We have a very sad case in Germany were the Vietnamese abbot (Thich Thien Son) of a huge community in Frankfurt (Pagode Path Hue) is accused of having inappropriate sexual relationships with some of his male students. According to former members he even claims wrongly this would be a part of the monk’s training and other masters would do it likewise. This abbot had been the former head of the Deutsche Buddhistische Ordensgemeinschaft (DBO). After extensive research by the DBO board and engaged Buddhists, based on five affidavits the “abbot” was finally expelled from the DBO. The DBO made a public statement on their website too. Some concerned Buddhists and the DBO informed teachers, musicians, and the Jade Buddha project about the findings of the DBO to be able to make an informed decision. Though many terminated their collaboration with the Pagode in Frankfurt, some didn’t. Among them was Claude AnShin Thomas and his decision was felt by some as controversial. Due to different reasons and circumstances the head of the DBO and I were able to meet him, and it was quite an extraordinary experience… To make it short, though Claude Anshin refused to take sides or positions with respect to the accusations his point of view is: “if the accusations are true the group needs help, if they are not true, they need help too and if they are semi-true they also need help. Isolating groups is not a good way of dealing with such problems.”
Though the DBO statement and my own engagement in this case were not based on the wish to isolate the group, public statements such as these will rather naturally lead to an isolation and though such public statements might be useful to protect others and to enable people to make an informed decision, they aren’t necessarily the best way to address spiritual, power, sexual, material or emotional abuse.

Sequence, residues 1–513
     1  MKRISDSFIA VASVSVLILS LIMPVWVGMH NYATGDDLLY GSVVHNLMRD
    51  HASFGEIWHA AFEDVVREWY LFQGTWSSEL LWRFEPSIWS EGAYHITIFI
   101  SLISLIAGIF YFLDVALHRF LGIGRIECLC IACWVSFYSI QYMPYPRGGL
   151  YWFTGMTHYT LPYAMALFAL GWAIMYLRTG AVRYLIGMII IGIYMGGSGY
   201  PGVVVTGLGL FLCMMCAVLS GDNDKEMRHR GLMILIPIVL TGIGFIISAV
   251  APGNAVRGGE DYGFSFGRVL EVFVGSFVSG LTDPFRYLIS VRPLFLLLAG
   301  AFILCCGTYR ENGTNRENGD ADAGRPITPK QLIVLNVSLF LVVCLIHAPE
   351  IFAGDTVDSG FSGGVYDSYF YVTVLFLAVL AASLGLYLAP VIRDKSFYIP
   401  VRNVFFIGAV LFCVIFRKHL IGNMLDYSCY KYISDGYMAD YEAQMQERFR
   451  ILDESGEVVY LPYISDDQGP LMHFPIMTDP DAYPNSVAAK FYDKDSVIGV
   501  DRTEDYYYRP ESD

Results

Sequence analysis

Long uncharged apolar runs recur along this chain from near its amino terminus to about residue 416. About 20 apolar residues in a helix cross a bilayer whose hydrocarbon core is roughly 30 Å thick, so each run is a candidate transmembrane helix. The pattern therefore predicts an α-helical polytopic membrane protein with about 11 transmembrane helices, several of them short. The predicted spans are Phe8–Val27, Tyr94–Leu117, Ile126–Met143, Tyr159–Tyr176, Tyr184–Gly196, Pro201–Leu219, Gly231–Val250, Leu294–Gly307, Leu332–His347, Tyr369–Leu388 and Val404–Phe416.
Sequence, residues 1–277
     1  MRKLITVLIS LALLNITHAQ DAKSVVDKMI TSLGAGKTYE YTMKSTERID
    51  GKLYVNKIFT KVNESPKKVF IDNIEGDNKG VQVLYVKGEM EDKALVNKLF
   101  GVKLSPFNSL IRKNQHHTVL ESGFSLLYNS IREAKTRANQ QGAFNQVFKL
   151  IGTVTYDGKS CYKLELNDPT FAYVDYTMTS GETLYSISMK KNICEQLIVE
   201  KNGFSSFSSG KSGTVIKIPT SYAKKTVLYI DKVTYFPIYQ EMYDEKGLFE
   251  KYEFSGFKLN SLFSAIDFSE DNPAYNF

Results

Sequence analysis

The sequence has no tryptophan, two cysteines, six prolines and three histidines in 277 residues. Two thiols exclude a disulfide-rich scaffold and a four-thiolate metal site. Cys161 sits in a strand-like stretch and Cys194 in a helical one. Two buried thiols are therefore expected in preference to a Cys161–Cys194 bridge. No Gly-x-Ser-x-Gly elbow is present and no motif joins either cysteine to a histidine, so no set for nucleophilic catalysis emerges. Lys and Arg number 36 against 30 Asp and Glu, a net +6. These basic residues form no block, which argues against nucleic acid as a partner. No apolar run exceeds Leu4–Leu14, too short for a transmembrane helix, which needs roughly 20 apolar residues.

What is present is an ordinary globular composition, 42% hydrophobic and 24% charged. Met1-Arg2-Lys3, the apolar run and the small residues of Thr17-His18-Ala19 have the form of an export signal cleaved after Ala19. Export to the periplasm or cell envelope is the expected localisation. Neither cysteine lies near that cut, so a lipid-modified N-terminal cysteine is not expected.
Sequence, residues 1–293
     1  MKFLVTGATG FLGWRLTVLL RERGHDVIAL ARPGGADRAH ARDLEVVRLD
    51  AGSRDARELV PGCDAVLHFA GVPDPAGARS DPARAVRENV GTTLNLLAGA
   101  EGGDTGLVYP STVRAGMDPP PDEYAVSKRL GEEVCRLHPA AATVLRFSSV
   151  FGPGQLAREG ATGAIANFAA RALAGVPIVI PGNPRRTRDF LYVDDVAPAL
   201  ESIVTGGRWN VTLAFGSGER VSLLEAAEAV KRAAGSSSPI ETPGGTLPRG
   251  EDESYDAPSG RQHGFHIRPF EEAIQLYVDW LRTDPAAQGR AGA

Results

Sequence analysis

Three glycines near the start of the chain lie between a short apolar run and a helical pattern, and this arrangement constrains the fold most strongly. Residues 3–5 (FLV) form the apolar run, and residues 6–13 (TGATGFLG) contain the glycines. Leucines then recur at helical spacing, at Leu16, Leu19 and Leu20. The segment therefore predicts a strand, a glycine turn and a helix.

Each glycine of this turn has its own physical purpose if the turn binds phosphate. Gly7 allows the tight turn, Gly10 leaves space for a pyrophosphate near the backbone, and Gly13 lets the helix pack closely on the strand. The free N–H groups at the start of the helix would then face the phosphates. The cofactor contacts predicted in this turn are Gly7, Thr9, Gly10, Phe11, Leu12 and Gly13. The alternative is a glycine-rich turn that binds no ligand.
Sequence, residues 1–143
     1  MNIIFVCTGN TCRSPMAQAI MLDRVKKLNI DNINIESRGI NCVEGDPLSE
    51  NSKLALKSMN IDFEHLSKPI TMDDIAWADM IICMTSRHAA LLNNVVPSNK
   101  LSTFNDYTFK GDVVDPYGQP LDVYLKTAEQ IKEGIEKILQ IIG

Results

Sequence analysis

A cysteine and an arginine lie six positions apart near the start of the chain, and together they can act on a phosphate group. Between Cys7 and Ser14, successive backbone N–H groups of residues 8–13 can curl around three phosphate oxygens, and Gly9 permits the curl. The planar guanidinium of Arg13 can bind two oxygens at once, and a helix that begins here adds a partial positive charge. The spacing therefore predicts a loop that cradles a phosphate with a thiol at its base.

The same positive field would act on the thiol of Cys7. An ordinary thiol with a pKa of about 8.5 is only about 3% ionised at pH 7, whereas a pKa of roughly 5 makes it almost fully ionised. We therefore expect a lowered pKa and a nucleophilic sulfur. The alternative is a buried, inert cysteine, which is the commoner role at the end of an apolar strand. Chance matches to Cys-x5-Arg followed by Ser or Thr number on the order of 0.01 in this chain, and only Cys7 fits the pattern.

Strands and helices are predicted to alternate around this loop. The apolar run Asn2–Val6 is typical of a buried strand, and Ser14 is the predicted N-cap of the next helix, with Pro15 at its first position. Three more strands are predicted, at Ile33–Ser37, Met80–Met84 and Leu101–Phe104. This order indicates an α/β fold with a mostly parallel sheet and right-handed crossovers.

At the moment I am in the process of sorting out these understandings, and I asked Suzanne Newcombe (PhD), a research officer at INFORM what she thinks about it. With her permission I quote her here:
Sociological research shows that it is when groups are social and physically isolated that the most harmful things happen. Extremism in both thought and behaviour is moderated somewhat by contact with other groups and ‘mainstream society’. This is partially behind Inform’s policy of always trying to maintain directly contact with the groups we study. ‘New’ groups or those with charismatic leadership can change very quickly and unpredictably, so it is also good to have contact so that one can have accurate information about what is actually happening.
In the Canadian Rigpa documentary one of the women says that she approached a visiting monk at Sogyal’s centre in France asking what it meant to be a ‘consort’ and was told by this person that it was ‘a great honour’. She later felt that this individual was colluding and supporting what she would describe as Sogyal’s ‘abuse’ of women. I wonder what would have happened if that monk would have said – no Buddhist should cause harm by sexual relationships. There is a fine line between being seen as ‘endorsing and colluding’ and being available to moderate, observe and counsel individuals away from harm. Being able to say clearly and with specific examples, how Thich Thien Son’s actions have caused harm to some of those who were in relationship with him, is very helpful.
One of the key theories sociologists use is that of ‘deviance amplification’ the wikipedia link here is a fair introduction: Deviancy amplification spiral. Traditionally, it focuses on media involvement in demonising sections of society or particular groups. However, you can also sometimes see the same cycle at work with say, a ‘problem’ child in school – the child becomes labelled as a problem and then acts more and more in accord with the label. If you want more reading along these lines, let me know and I’ll think a bit more.
It might be interesting for you to read some of Eileen’s work in positioning Inform – you can download the academic ‘What Should We Do About the Cults‘. (or from this page http://inform.ac/node/1547)
I hope this is some food for thought.
Upadate 19 March 2012
- INFORM’s leaflet Extremism on University Campus – Oct 2011 (PDF)
updated: March 19, 2012